Gebtleman's Bedroom
The Gentleman's Bedroom
There is no record of the exact manner in which the bedrooms would have been used so the decision was made to depict them as one designed for a man and one for a lady. This allowed for the total difference that could be achieved by using the relative furnishings.

This room is set up as a typical bedroom of a gentleman of the Victorian era. The unusual ceiling is carried through to the Lady's Bedroom and the Lantern Room. Each of the bedrooms has a fireplace. It was customary for the fires to burn constantly in the bedrooms during cold weather.

The collection of walking canes in very interesting with one containing a small flask for spirits and another with a knob that could be used as a weapon.

The collection of luggage  is much heavier than used today. The solid leather hat boxes lined with red satin were fashioned to contain a gentleman's opera hat  that
was elaborately manufactured from seal skin.

The model is dressed in full evening suit
with opera hat and white silk scarf.
A debonair dandy of the Victorian Era.

The seven drawer chest is made from original
Australian cedar. The cigar box on top is also
of cedar. Mr.Wells a Frankston pioneer, is the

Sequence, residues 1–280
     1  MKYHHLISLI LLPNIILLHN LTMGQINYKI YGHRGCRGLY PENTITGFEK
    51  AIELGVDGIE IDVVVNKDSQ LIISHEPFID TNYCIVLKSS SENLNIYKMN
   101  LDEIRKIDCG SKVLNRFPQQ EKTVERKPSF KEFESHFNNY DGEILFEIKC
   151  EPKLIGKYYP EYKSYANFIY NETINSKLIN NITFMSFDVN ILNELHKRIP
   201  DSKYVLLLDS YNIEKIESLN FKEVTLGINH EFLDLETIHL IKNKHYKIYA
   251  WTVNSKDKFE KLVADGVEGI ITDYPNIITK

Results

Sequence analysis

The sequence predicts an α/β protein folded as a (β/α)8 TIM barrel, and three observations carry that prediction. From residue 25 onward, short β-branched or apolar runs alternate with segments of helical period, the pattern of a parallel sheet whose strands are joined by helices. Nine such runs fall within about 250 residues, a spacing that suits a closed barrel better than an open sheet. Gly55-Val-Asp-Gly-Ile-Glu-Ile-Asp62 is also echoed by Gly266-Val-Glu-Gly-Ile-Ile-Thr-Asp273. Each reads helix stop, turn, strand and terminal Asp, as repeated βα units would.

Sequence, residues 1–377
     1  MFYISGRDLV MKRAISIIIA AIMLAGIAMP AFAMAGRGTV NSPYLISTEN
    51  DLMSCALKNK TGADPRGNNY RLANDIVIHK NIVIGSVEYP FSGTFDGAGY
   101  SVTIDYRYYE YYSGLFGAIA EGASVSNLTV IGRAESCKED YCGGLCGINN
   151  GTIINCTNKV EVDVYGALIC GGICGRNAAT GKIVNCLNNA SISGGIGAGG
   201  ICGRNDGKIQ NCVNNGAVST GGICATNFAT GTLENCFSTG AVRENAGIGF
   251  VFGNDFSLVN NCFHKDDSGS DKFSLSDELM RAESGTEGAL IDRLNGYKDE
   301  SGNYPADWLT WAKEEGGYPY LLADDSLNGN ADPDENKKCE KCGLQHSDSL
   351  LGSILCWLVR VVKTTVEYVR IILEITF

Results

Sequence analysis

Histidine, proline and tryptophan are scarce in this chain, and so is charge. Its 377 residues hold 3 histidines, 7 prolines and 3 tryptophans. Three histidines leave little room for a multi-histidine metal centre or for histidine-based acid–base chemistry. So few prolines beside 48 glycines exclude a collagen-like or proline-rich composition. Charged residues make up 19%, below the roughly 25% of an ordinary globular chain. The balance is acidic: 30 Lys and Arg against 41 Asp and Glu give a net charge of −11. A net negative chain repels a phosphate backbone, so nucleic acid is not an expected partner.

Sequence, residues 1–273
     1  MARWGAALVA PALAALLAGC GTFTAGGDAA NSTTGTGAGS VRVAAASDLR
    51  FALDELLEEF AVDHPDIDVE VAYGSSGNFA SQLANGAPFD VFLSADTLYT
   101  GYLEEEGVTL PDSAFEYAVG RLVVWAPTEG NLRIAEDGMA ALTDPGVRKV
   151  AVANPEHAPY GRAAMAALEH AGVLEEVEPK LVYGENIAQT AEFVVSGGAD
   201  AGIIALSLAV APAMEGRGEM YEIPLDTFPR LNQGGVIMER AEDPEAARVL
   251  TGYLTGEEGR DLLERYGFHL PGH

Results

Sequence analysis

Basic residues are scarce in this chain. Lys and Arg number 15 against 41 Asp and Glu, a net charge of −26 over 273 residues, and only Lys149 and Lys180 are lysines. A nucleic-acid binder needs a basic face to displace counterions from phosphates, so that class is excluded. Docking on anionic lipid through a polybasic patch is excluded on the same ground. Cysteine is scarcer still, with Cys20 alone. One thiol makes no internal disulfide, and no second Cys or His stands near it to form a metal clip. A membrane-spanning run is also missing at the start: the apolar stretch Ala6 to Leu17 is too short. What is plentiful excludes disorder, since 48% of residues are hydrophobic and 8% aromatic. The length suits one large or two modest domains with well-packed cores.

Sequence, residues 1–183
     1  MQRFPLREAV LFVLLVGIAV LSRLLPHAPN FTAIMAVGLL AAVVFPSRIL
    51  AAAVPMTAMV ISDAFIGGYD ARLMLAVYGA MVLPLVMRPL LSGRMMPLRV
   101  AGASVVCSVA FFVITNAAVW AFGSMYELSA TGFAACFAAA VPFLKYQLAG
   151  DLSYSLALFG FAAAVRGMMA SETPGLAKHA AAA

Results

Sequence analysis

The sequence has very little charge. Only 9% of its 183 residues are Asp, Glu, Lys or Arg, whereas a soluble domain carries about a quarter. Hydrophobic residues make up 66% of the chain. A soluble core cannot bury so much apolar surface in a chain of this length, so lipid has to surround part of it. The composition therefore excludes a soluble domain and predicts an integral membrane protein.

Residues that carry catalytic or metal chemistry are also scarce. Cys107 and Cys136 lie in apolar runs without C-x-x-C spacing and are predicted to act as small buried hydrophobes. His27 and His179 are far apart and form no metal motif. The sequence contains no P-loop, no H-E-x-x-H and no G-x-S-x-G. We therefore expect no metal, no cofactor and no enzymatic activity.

subject of the photograph on the chest.

The large spacious wardrobe and the what-not wash stand,
which holds various toilet articles dating from the nineteenth century, are also of cedar.

The night shirt draped across the polished
bedstead is dated c1840. It belonged to
Thomas Johns of England and his initials
are worked on the garment. Thomas lived
from 1765-1855. On the bedpost is a black
velvet smoking cap and at the bottom of
the bed are two types of hotwater bottles.

The chaise lounge under the window is
another piece donated by Mrs. Clarke a
descendant of the Long family, the second
owners of Ballam Park. Mrs. Clarke also
donated the gentleman's leather dressing
case containing four silver bottles, so useful
for travelling. The lithograph on the wall is
of Melbourne in 1843. It is the work of Wilbraham Liardet the father of Frederick, the first owner of Ballam Park. The picture shows Port Melbourne with tall sailing ships and mounted soldiers chasing Aboriginies through the trees.